How I Stopped Worrying and Learned to Embrace Market Movement

How I Stopped Worrying and Learned to Embrace Market Movement


I didn’t think much about the stock market until I graduated college. At age 20, I was recruited by a large insurance company to sit for my state life and health insurance license, as well as my series 7 and 66 securities licenses. After passing these exams, my job was focused more on selling annuities than watching the stock market.

I quit less than three months after passing those exams. I then worked a string of odd jobs including a long-term stint as a substitute algebra teacher at a local high school.

I didn’t think much about the stock market until a temp agency asked me to write a sample research report for a financial publishing company. I don’t remember the specifics of the assignment except that it had to be about a dividend-paying stock. I wrote about Caterpillar (CAT), and 10 years later I’m still hooked on dividends. (I wouldn’t recommend CAT today because its dividend isn’t worth our time).

My first gig in the financial publishing industry was being mentored by the editor of a newsletter very similar to Yield Shark. I was tasked with building the charts needed for the letters and writing weekly portfolio updates. So there I was, week after week, reading company news and trying to figure out what it would do to the share price.

It didn’t take long for me to notice something very strange.

  • A lot of the time, the stock price would move for no reason.

I wanted a reason behind a stock move to give to my readers. I’d look at company news, industry news, and macroeconomic news. Sometimes there was no logical explanation.

The experience taught me one of the most important things I’ve ever learned about the stock market.

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The No. 1 Thing I Wish I Knew as a Beginner Investor

Companies really don’t have anything to do with their share prices. Sure, a company press release can act as a catalyst, but most of a stock’s price movement is a result of investor sentiment.

It’s all about how they feel about the company, the industry, and the market in general. People can be logical, but not all the time… I would say not even the majority of the time.

As a new investor, it was easy for me to get caught up in the direction my stocks and the market were moving. When shares started to drop, I panicked and the sell button became my best friend. When markets started to roar, I got excited and would add shares to my portfolio at prices that defied logic. The result was I overpaid for some stocks… and panic-sold others. Both of these emotional reactions caused me to lose money that I didn’t need to.

Buying high and selling low. This is the exact opposite of what we need to do to make money. Once I knew this (and you do, too), I made a plan and stuck to it.

When markets drop, I buy more of my favorite stocks. Of course, I always check to see that nothing has changed with the company and that it’s just investor sentiment pushing around the stock price. Remember, when price goes down, yield goes up. Buying on price dips can help boost my average yield on a stock.

When markets rip higher, I look for stocks that I want to get rid of and redeploy the money in a more promising company. I generally hold my positions for many years. The downside is that also means my portfolio can get quite large.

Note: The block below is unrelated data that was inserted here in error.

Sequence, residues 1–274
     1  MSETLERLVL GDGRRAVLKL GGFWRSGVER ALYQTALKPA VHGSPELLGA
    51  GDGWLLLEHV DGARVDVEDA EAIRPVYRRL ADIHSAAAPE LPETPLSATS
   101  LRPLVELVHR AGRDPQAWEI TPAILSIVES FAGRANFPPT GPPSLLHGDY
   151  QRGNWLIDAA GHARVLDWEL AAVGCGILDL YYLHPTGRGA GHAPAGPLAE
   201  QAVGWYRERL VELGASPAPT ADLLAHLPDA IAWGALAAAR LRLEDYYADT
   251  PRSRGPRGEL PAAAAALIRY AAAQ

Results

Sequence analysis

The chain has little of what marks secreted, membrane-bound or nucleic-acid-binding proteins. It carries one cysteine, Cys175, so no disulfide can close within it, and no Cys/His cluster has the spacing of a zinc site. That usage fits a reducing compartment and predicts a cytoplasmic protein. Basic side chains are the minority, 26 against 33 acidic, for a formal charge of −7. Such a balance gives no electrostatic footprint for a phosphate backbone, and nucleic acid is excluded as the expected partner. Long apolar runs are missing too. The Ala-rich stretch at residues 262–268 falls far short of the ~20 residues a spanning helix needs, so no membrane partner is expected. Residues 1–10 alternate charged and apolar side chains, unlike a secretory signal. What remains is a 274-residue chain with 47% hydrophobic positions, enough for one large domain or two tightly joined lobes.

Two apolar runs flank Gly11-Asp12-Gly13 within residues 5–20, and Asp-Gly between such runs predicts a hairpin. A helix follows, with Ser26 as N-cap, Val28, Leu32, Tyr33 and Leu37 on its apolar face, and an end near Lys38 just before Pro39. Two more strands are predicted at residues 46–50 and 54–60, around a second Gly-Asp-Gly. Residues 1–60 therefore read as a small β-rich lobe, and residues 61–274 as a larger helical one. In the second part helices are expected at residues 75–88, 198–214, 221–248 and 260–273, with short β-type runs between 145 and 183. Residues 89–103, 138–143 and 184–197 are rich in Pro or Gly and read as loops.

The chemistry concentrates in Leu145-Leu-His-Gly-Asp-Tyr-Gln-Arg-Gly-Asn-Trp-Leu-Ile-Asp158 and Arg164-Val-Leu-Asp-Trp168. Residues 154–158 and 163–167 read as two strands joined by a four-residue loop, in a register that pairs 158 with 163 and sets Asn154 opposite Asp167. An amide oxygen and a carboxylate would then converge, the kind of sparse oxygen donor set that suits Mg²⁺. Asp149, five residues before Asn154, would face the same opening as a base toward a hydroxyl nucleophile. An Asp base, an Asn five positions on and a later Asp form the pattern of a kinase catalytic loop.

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To keep my portfolio manageable, any stock with a 30% gain or higher that I’m not 100% sure about becomes a candidate for selling. And rather than selling at a random price, I’ll use a very tight trailing stop of 5% or 10%.

Any stop-loss order instructs your broker to sell a stock at a specific price. If your stock continues to move higher, nothing happens. Only when the stock drops to your sell price will it be sold. Instead of setting a fixed price, I like trailing stops. As the share price moves up, your broker will adjust the trigger price to the percentage above the new high.

Once we understand that investor sentiment drives the market, and we lay out a plan, it no longer becomes a problem, but instead a powerful tool.

Where Are We Headed Through the End of The Year?

Analysts use different gauges of investor sentiment. Some even have their own proprietary models.

For a long time, I used the CBOE Volatility Index, or VIX. This index measures the expected market volatility over the next 30 days. I still watch the VIX, but now I mostly use the CNN Fear & Greed Index.


Source: CNN

The index uses data from seven different indicators (the VIX is one of them), and I consider it a pretty fair gauge of market sentiment. I also like the timeline on the right that compares today’s reading with those over the past year.

The index was in greed territory as of yesterday morning, climbing two points higher than Monday. Just one month ago, the index sat in extreme fear.

  • Investor sentiment can move from one extreme to the other very quickly.

Last Friday marked three straight weeks of S&P 500 gains. The gain for last week was a measly 0.1%, but an impressive 9% for the full period. We’re less than 100 points away from a new 52-week high. So, as you set yourself up for 2024, use this rally to get rid of stocks you don’t want to carry into the new year. Be sure to use limit orders as you’re adding to any positions to prevent overpaying, and stick to your plan. Do you use limit orders when you buy? How about trailing stops when you sell? Drop me a note at subscribers@mauldineconomics.com and let me know how you’re protecting your trades against investor sentiment.

For more income, now and in the future,

Kelly Green

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